Offshore salmon farming “the right direction” for SalMar
The first generation of salmon harvested at SalMar ASA’s Ocean Farm 1 and the preliminary results seen from the offshore facility’s second generation have confirmed that technologies which allow significant volumes to be produced in large, open-ocean locations around Norway and other regions are a genuine opportunity for the industry, SalMar CFO and COO Trine Sæther Romuld said.
Romuld said at the North Atlantic Seafood Forum (NASF) 2020 that the Freya, Norway-headquartered SalMar – the fourth-largest Atlantic salmon farming company and the world’s largest producer of organic salmon – has “a very strong belief” in the potential to produce fish out in open-ocean currents.
While conventional fish farming near the coast will continue to be important, Norwegian aquaculture has a great opportunity to achieve “significant sustainable growth” by utilizing these further offshore, exposed locations, she said.
“SalMar aims to lead this development. We believe that most of our volume growth will come from this area in the times ahead,” Romuld said.
Describing salmon as “one of the most resource-efficient protein sources,” and emphasizing its importance as a means to feed “a rapidly growing population,” Romuld said the salmon farming sector is now required to produce larger volumes more sustainably and more efficiently.
“For us, this is about making better use of the ocean space in the years ahead,” she said. “Therefore, at SalMar, we have divided the direction of our salmon production in two. We have the coastal areas and this will continue to be the core salmon production in the coming years. In these areas we will still be at the forefront with an uncompromising focus on cost and a desire to always do things a little better tomorrow than we did today and yesterday. In addition, we want to lead the development of offshore farming, utilizing the fantastic ocean for the production of salmon. We will strengthen this work through our newly-founded company SalMar Ocean. We have achieved good biological results at Ocean Farm 1 and harvested fish of fantastic quality. For us, this was a major milestone. It confirmed that offshore farming truly is a sustainable means of production.”
SalMar recently launched ocean-based fish farming subsidiary SalMar Ocean AS, which operates Ocean Farm 1, an offshore cage. Meanwhile, subsidiary MariCulture AS is finalizing the design phase of a larger and more advanced offshore cage, Smart Fish Farm, which will be placed in the open sea. The unit is led by former CEO Olav Andreas Ervik.
“We strongly believe that offshore salmon farming is the right direction, where we can utilize the optimal, natural conditions for raising these fish in the ocean outside of Norway," Romuld said. "This can also help solve the area challenges facing the industry – by opening up entirely new areas that are optimal for salmon farming."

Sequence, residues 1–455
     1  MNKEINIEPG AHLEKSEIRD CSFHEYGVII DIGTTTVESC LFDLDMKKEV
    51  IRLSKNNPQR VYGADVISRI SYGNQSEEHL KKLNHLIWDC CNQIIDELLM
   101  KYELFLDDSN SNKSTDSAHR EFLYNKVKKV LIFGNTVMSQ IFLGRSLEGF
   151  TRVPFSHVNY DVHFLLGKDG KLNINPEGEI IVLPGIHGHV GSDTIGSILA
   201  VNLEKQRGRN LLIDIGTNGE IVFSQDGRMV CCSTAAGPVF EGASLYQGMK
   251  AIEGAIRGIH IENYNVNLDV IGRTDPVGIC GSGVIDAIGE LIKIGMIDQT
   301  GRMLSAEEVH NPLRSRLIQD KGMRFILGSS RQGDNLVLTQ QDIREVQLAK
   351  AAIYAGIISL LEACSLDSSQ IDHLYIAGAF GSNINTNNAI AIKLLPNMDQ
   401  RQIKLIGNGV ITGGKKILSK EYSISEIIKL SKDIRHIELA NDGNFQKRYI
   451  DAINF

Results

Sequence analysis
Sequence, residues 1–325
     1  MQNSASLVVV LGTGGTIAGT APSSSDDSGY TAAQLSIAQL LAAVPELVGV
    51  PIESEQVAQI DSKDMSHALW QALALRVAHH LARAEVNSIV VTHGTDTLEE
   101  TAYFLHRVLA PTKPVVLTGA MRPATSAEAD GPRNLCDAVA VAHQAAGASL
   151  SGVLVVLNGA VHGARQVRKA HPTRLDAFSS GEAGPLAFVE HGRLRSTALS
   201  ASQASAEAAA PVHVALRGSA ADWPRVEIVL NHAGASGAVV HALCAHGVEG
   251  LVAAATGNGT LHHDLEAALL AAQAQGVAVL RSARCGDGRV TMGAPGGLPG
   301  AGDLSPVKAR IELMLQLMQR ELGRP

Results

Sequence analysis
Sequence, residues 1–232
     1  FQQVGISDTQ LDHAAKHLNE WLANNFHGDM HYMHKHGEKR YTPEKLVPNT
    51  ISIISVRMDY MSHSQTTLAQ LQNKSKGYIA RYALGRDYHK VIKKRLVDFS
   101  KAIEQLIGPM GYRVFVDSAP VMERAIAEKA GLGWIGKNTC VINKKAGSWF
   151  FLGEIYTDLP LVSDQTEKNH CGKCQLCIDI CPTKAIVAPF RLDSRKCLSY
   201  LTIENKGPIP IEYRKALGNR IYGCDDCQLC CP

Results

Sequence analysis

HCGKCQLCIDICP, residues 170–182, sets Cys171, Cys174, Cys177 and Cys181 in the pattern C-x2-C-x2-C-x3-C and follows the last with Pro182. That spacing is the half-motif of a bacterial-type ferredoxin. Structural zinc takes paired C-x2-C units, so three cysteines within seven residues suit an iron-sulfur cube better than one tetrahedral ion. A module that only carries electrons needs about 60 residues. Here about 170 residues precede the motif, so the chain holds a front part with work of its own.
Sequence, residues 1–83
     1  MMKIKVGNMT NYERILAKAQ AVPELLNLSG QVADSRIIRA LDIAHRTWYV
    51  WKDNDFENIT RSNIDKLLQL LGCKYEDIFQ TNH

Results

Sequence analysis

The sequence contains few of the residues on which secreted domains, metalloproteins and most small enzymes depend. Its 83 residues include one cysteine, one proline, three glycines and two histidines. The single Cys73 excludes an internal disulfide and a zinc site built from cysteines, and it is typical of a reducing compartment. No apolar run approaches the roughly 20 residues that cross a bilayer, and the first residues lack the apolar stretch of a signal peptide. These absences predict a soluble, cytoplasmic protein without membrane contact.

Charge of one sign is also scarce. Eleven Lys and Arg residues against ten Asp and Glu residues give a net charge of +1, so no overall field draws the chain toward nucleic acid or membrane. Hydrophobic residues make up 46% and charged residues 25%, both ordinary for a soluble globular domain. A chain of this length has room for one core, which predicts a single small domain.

To take this strategy further, SalMar wants to extend the exposed, semi-offshore farming conducted through Ocean Farm to its new “Smart Fish Farm” concept, which has been specifically designed to enable the company to farm salmon in much deeper open-ocean environments.
“The experience we have from the first generation harvested from Ocean Farm 1 has strengthened our confidence that this is the right direction,” Romuld said. “Its first production cycle was completed early in 2019 with strong biological results – very good growth, good quality, a more even size in the harvested fish with less losers and more winners.”
The second generation, meanwhile, has overcome some brutal weather to perform even better, with mortalities and sea lice also kept at stable low levels. Costs have largely remained on par with SalMar’s conventional farm locations.
However, the fact that sea lice treatments are still required has strengthened the company’s conviction that farming further offshore is the right direction, she explained.
“We want to go even further out in the ocean – to build on the experience we have from Ocean Farm and use it in the open ocean with our Smart Fish Farm,” Romuld said.
With a net height of 70 meters, a diameter of 180 meters, and the capacity to host three million smolts, the Smart Fish Farm is twice the size of Ocean Farm 1. SalMar is currently working with Norwegian authorities to find a suitable location to test the concept, and while the current focus is to use this system in the open ocean off Norway, inquiries have begun pouring in from other regions, including Asia, Europe, and North America.
“This opens up new ways for the industry to grow,” Romuld said.
In 2019, SalMar produced 166,200 metric tons (MT) of salmon, with 143,300 MT coming from its operations in northern and central Norway. Its farms in Scotland and Iceland contributed 25,900 MT and 9,900 MT, respectively.
Its forecast for 2020 is a total harvest of 177,000 MT.
Photo courtesy of Jason Holland